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B.C. tour bus firm temporarily closes in wake of Oregon crash that killed 9

A tour bus that careened off a mountain highway and plunged down a snow-covered slope, killing nine passengers and injuring at least 27 others is recovered in Pendleton, Ore., on Dec. 31, 2012.

STEVE DIPAOLA/REUTERS

The tour company whose Vancouver-bound bus went off an Oregon highway last weekend, killing nine, has announced it is temporarily closing.

"Mi Joo Tours expresses its deepest sympathy and condolences to those impacted by the tragic events recently occurring in Pendleton, Oregon, USA," the company wrote in a statement late Wednesday. " Due to these events, Mi Joo Tours is temporarily closed. Mi Joo Tours is fully co-operating with those authorities investigating the accident and is actively attempting to assist and ease the suffering of those affected by this accident, in particular the injured passengers and their families."

Earlier, a sign posted on the door of the downtown Vancouver office of the company, which offered the vacation trip from Vancouver to Las Vegas, read: "We share in the tremendous grief experienced by all of the survivors and families of the people involved in this terrible tragedy," The statement, in English and Korean, said the company is focused on "assisting and supporting" those affected by the Sunday morning crash.

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The office was locked Wednesday and no one was inside. The sign went up on the same day Oregon State Police identified four people killed in the Sunday morning crash that occurred when the bus went off Interstate 84, hurtled down an embankment and rolled over at least once.

There were 47 passengers on the bus from locations ranging from Vancouver to a number of U.S. cities. However, most held passports from Korea.

Of the nine who were killed, eight were of Asian descent, Oregon police said. Four passengers remain in hospital in Pendleton, police said.

Chul Ho Choi, vice-consul of the Korean consulate in Seattle, said some families had arrived from Korea. While he did not know how many of the casualties were foreign students studying in Vancouver, he noted that some were. One had a Canadian passport but the others were Korean nationals. Mr. Choi said his office had helped make travel arrangements for the families who had come from Korea, and he was assisting some of them organize cremations in Portland, Ore.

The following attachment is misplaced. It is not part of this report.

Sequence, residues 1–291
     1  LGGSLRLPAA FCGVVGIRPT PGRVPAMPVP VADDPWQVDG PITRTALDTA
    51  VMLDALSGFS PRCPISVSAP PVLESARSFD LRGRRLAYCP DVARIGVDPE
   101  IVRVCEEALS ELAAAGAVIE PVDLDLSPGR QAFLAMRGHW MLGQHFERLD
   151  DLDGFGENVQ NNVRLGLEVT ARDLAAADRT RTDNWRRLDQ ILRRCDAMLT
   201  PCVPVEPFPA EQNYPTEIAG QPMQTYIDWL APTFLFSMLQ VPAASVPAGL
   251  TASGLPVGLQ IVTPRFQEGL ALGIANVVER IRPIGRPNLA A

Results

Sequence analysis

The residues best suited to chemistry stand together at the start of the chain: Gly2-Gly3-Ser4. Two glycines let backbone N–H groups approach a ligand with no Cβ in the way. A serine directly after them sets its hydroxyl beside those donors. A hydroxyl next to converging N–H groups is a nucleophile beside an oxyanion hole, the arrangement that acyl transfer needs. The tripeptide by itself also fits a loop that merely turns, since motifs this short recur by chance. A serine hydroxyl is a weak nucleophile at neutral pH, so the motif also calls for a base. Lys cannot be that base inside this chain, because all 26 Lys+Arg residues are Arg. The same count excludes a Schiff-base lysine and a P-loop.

"Hopefully it happens today or late tomorrow morning," he said of the planned services.

New details about the company emerged Wednesday. The Federal Motor Carrier Safety Administration revoked Mi Joo's operating status in the United States for two months, between January and March of 2012, over shortcomings in its drug and alcohol testing program for its drivers. Mi Joo paid a fine of $2,000 in relation to that incident.

"On Jan. 23, 2012, their [Mi Joo's] authority to operate in the United States was revoked," FMSCA spokesman Duane DeBruyn said Wednesday. "The company subsequently paid a $2,000 fine and on March 27, 2012, their authority was reinstated to allow them to operate in the United States."

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The FMCSA can begin enforcement cases based on compliance reviews, roadside inspections or other investigations.

Mi Joo also paid a $2,000 fine in 2011 for citations related to drug and alcohol regulations. The company paid no fines in any of the three preceding years. A database of closed enforcement cases lists regulations that were involved but provides no other details.

FMCSA records show that Mi Joo has six buses, four drivers and a satisfactory safety rating with no reportable crashes for the past two years.

Oregon police are investigating the accident in terms of possible criminal charges, while the U.S. National Transportation Safety Board has two investigators on the scene to see if there are lessons for the transportation sector. "Bus travel is still a very, very safe way to travel compared with driving. Our job is to make things even safer," said Eric Weiss, an agency spokesman in Washington, D.C.

The four victims identified Wednesday were: Youmin Kim, an 11-year-old girl from Korea staying with family in B.C.; 75-year-old Yongho Lee, a woman from Lynwood, Wash.; Oun Hong Jung, 67, and his wife, Joong Wha Kim, 63, residents of Korea who were staying with relatives in Bothell, Wash. Another name was to be released Thursday after next-of-kin notifications, the Oregon State Police said in a statement.

Meanwhile, nine survivors were en route home Wednesday in free rides organized by officials at an Oregon car dealership. The nine were in three vehicles. Roger Barnes, manager of a Ford dealership in Pendleton, said he read about the accident and concluded many people were "stuck" in his Oregon community of La Grande, southeast of Pendleton.

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"[I] realized their only way to get home was on a bus," he said. "I know I couldn't imagine getting back on a bus after an ordeal like that."

With a report from Mark Hume

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About the Authors
B.C. reporter

Ian Bailey is a Vancouver-based reporter for The Globe and Mail.  He covers politics and general news. Prior to arriving at The Globe and Mail, he reported from Toronto and St. John’s for The Canadian Press.  He has also covered British Columbia for CP, The National Post and The Province. More

National correspondent

Based in Vancouver, Wendy Stueck has covered technology and business and now reports on British Columbia issues including natural resources, aboriginal issues and urban affairs. More

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